Leave aside for a moment the increasingly embarrassing spectacle of a Congress unable to carry out one of its most basic constitutional tasks — appropriating money to fund the government — and consider what comes next. If the fiscal 2018 defense bill ever becomes law, how will the additional money be spent?

Opinion: Is There Room for Science and Evidence in Trump’s Budget?
Administration should not ignore this key protocol in policymaking

President Donald Trump would be wise to follow the model of his predecessors, including Barack Obama, in using science and evidence in his budget’s policy proposals, Hart and Shea write. (Tom Williams/CQ Roll Call file photo)

More than a year after President Donald Trump’s inauguration, it is surprisingly difficult to know where the administration stands in the debate about evidence-based policymaking. Inconsistent signals across government agencies suggest the lack of a uniform philosophy about how science and evidence inform policy decisions that affect the American public.

Policymaking informed by evidence can improve outcomes, make public policies more effective and efficient, and help restore flagging trust in our government institutions. Because of the existing bipartisan support for evidence-based policymaking, we remain optimistic that the administration can and will responsibly support the use of science and evidence.

Opinion: Let’s Build Something Great Together
Trump and Congress should work toward a 21st century infrastructure system

The Trump administration is expected to prioritize ways to encourage investment in infrastructure, Rep. Sam Graves writes. (David McNew/Getty Images file photo)

2017 was a record year for our economy. Thanks to tax reform, and this administration’s aggressive regulatory reduction, our economy is growing at an exponential rate. 2018 presents a great opportunity to push the throttle on our economic growth as we move to our next big priority: infrastructure.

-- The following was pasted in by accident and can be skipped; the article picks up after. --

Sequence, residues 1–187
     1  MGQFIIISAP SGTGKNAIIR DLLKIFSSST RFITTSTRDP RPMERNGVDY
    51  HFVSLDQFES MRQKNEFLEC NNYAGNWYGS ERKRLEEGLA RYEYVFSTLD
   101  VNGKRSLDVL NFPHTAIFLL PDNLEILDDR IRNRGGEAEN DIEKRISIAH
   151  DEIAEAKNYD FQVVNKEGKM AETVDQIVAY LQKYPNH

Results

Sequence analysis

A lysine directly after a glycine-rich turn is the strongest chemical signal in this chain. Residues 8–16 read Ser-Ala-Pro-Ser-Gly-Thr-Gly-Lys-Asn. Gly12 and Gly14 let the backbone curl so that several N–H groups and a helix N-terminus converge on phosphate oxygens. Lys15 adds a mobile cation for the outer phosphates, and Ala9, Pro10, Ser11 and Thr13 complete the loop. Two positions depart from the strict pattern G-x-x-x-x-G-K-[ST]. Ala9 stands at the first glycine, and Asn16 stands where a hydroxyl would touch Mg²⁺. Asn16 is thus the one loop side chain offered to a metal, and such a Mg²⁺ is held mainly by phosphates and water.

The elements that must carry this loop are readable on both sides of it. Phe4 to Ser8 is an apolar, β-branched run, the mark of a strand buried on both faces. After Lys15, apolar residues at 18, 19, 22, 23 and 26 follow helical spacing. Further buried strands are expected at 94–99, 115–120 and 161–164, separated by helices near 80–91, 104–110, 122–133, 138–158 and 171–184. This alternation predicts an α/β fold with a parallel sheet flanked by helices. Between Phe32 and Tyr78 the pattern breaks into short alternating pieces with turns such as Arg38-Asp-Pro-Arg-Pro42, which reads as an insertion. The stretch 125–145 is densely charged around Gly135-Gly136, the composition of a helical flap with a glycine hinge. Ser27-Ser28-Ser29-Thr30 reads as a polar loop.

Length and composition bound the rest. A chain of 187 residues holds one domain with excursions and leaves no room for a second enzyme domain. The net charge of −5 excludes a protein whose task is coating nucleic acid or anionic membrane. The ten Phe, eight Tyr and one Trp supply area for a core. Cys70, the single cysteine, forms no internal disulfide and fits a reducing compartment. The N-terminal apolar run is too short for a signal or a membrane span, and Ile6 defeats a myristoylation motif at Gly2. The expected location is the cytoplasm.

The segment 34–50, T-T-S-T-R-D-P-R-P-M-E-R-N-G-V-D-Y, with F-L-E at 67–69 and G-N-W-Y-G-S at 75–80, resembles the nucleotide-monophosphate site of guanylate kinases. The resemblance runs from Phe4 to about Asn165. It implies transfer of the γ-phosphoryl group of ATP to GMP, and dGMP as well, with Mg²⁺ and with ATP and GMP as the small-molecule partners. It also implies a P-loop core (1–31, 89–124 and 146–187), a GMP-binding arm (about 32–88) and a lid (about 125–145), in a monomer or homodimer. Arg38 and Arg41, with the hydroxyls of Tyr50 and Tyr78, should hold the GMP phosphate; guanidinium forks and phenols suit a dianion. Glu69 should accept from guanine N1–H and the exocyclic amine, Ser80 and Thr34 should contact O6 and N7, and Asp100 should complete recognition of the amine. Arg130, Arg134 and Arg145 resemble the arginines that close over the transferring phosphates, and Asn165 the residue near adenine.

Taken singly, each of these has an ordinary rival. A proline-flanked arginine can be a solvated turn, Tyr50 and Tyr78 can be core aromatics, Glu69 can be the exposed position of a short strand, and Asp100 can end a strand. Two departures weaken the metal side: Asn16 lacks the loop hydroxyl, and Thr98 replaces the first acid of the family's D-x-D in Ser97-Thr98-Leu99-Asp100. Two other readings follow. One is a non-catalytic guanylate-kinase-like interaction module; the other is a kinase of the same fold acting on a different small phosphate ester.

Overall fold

Infrastructure is pure commerce. Everything in this country moves. So an efficient transportation network is vital to our economic future. However, federal funding for infrastructure is not unlimited.

Opinion: Cutting Ribbons Won’t Do Anything for Infrastructure
What’s needed is a wholesale change

Planners should think twice before reaching for the ceremonial scissors, Nellenbach writes. (Tom Williams/CQ Roll Call)

President Trump has repeatedly made the case for a comprehensive infrastructure package. He did so on the campaign trail, and he has kept up the drumbeat in the Oval Office. As his administration prepares to issue its proposal for revamping the nation’s creaky transportation systems, aging waterways and inadequate broadband, it should zero in on two key problems.

First is shortsighted spending. The federal government spends hundreds of billions of dollars every year on infrastructure. Roughly two-thirds of that spending pays for new, improved or rehabilitated structures as opposed to their everyday operation and maintenance — costs that are mostly borne by state and local governments. For far too long, the federal government has poured money into new construction without an eye to what happens after the ribbons are cut.   

Opinion: Congress, It’s Time to Heal Thyself. Here’s How
Nine ways to restore public trust and its self-dignity

South Carolina Sen. Lindsey Graham, left, talks to West Virginia Sen. Joe Manchin III on Thursday while holding the “talking stick” used by senators in private meetings that helped end the recent government shutdown. (Tom Williams/CQ Roll Call)

How much lower can Congress’ reputation sink before some sense of urgency — fueled by self-preservation or simply self-respect — convinces leaders that “something” has to change?

The comparative yawn that greeted the latest government shutdown reveals how shockingly little the public now expects from Congress. The recent Edelman Trust Barometer found that trust in major institutions fell more sharply in the United States than in any of the other 28 countries surveyed. The share of Americans expressing faith in their government fell 14 points in the past year, to an alarming 33 percent.

Opinion: As Military Budget Grows, Civil-Military Divide Remains
Current defense policies risk alienating servicemembers and potential recruits

A boy sits on his veteran father’s shoulders during the New York City Veterans Day Parade on Nov. 11, 2016. Interest in military service is dropping among American youth. (Michael Loccisano/Getty Images file photo)

The most important resource for America’s military isn’t money. It’s the men and women who volunteer to serve.

But current defense policies risk alienating those very people who are now in the military and those we hope will join in the future.